Charger Candidate Ross to Visit on Monday


There is no "For Sale" sign in front of Bobby Ross' house. Yet.

But the Georgia Tech coach is coming to San Diego on Monday, and General Manager Bobby Beathard continues to court Ross as the "leading candidate" to become the Chargers' new coach.

"I want to make sure; I want them to be sure, too," Ross said Friday. "I want to go out and see the situation firsthand.

"After that, I guess it will boil down to whether I want to do it and whether San Diego wants to totally do it."

The Chargers and Jack Reale, Ross's Atlanta-based agent, have discussed contract terms, but both Beathard and Ross have indicated they have no deal at present. Beathard said he will continue to talk to other candidates on his shopping list and maintained again Friday that the Chargers will not hire a head coach before Jan. 1.

"We've talked about some things significant to the job, but I don't think we've locked in totally to everything," said Ross. "I need to look at things. It isn't a dollar-and-cent thing to me; it's the people, and the organization and where they are. It's something you can feel; something you have to feel."

Beathard and Ross have spoken extensively on the telephone in the past few days, and Ross has advised Georgia Tech Athletic Director Homer Rice of his interest in examining the Chargers' opening.

"I'm 55 years of age and I'm at point in my life if I'm going to do it (make the move to the NFL), I need to do it," Ross said. "If I don't, then I need to put it all behind me and stay in the college ranks.

"My past experiences in pro football have been very positive. But this is it for me. If I make a move now, I'm going to make it work. It's my last thrust, and I want to do it right."

Ross, who worked for four years with the Kansas City Chiefs (1978-1981), directed Georgia Tech to an 8-5 record this season, including a last-minute 18-17 Aloha Bowl victory over Stanford on Christmas day.

Ross left Maryland after rolling up a 39-19-1 in five years, and in five years at Georgia Tech, he has compiled a 31-26-1 mark, including a national championship in 1990.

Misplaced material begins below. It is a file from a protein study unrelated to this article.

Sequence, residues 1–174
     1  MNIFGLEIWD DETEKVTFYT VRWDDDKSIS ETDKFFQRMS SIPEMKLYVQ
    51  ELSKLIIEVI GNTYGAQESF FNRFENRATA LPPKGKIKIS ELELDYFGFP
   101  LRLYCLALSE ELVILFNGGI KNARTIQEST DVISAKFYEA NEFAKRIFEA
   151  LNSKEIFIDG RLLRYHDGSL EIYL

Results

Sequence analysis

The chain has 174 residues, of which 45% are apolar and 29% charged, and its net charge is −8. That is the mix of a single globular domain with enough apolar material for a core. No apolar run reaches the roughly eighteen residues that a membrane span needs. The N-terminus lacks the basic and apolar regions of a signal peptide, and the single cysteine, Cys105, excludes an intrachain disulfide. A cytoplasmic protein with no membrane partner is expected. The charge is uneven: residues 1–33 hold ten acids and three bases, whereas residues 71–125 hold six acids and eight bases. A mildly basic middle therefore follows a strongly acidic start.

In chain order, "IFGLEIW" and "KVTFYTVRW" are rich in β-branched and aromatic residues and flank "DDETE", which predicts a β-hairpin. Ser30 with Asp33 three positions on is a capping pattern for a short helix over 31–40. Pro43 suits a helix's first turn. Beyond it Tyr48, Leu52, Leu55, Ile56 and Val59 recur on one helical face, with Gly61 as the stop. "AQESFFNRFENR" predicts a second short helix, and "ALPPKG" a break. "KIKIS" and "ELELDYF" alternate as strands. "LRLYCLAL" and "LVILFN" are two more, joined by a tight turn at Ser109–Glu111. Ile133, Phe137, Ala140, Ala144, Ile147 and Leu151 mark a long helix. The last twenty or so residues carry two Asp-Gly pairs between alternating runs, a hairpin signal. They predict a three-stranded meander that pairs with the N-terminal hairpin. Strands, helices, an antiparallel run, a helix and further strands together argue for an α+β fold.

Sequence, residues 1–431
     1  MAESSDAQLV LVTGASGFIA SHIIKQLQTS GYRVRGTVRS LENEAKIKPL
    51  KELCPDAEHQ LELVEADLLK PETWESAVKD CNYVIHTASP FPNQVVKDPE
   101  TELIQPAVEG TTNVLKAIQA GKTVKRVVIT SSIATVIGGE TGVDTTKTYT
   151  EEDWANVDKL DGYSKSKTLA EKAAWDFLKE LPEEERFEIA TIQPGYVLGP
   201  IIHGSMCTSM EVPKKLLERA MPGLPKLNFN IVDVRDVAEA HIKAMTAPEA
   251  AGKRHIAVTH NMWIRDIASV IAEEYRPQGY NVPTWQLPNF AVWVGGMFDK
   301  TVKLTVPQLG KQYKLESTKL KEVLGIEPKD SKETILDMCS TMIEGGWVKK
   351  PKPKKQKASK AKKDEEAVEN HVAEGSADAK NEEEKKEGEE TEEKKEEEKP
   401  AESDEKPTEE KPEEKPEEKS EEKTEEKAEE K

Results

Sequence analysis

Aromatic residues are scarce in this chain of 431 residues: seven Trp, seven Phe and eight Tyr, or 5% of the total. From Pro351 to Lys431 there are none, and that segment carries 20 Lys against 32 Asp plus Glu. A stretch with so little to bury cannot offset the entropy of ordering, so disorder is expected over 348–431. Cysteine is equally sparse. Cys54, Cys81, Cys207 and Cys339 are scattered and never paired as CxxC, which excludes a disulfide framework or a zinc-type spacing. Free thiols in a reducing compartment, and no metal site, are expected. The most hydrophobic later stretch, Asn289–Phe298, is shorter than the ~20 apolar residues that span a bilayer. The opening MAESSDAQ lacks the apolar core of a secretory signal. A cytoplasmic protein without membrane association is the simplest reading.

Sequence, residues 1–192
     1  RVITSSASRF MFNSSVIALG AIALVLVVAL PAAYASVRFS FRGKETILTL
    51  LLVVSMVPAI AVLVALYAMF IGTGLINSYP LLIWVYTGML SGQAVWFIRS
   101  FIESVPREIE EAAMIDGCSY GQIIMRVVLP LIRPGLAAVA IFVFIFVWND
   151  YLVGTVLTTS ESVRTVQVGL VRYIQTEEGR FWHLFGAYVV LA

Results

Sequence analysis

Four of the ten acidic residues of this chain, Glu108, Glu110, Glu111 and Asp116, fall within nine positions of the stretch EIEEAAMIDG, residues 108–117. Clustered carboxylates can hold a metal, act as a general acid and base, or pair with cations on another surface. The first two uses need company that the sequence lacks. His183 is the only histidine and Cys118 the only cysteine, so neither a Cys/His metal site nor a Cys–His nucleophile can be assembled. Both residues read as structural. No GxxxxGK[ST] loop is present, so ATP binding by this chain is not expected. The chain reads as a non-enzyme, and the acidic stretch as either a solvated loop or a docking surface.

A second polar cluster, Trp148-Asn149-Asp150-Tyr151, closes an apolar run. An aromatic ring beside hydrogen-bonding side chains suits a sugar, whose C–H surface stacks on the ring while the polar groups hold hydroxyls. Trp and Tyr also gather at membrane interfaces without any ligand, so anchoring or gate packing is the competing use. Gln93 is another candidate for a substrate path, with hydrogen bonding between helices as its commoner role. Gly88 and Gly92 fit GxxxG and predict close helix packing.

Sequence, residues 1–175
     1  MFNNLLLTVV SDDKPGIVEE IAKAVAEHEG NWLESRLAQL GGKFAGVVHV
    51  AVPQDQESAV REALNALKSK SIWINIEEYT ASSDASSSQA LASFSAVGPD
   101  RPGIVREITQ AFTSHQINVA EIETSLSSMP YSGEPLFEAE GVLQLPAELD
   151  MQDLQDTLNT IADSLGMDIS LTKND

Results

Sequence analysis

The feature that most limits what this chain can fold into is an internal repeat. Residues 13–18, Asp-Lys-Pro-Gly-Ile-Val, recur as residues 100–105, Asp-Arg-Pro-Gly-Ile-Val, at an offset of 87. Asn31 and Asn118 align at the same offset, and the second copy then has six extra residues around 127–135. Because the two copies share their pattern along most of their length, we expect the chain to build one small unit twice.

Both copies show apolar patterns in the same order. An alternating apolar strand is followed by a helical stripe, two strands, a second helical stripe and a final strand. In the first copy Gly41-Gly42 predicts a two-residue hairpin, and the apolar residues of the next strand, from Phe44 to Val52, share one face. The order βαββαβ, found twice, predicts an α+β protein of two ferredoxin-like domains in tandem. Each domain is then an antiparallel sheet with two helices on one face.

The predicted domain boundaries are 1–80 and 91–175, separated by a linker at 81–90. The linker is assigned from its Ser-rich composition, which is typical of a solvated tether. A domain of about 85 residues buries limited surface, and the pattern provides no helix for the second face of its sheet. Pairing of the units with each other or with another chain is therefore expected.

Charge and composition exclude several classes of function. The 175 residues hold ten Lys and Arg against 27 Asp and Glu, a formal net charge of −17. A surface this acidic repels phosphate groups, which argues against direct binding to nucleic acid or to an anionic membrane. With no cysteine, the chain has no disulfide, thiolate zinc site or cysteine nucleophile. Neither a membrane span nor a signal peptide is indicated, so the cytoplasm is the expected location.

Ross expressed surprise, however, at the interest the Chargers have shown in him. "I should think they'd be more interested in a big-name coach," he said.

And that's why Bobby Beathard likes Bobby Ross. Ross is a self-effacing disciplinarian, who has driven his collegiate teams to six bowl bids in the past decade.

"If his team wins, he gives all the credit to his kids," Beathard said. "If his team loses, he goes back to work to make it better."

Ross had an opportunity to become Buffalo's passing coordinator in 1987, but passed to become head coach at Georgia Tech. Before the Cleveland Browns hired Bill Belichick as coach last year, they expressed interest in Ross.

"There has to be that feeling," Ross said. "It's important to feel and experience that unity in an organization. You can't have people pulling in different directions. I'm not a person who needs a lot of power. I believe it's a team effort, and in that respect everybody has to be willing to work together from ownership right on down through the entire football program.

"So that's the purpose of coming to look at things and the caution in going slowly. I'll visit San Diego, come back here and reflect on the situation. Then we'll see what everyone wants to do."

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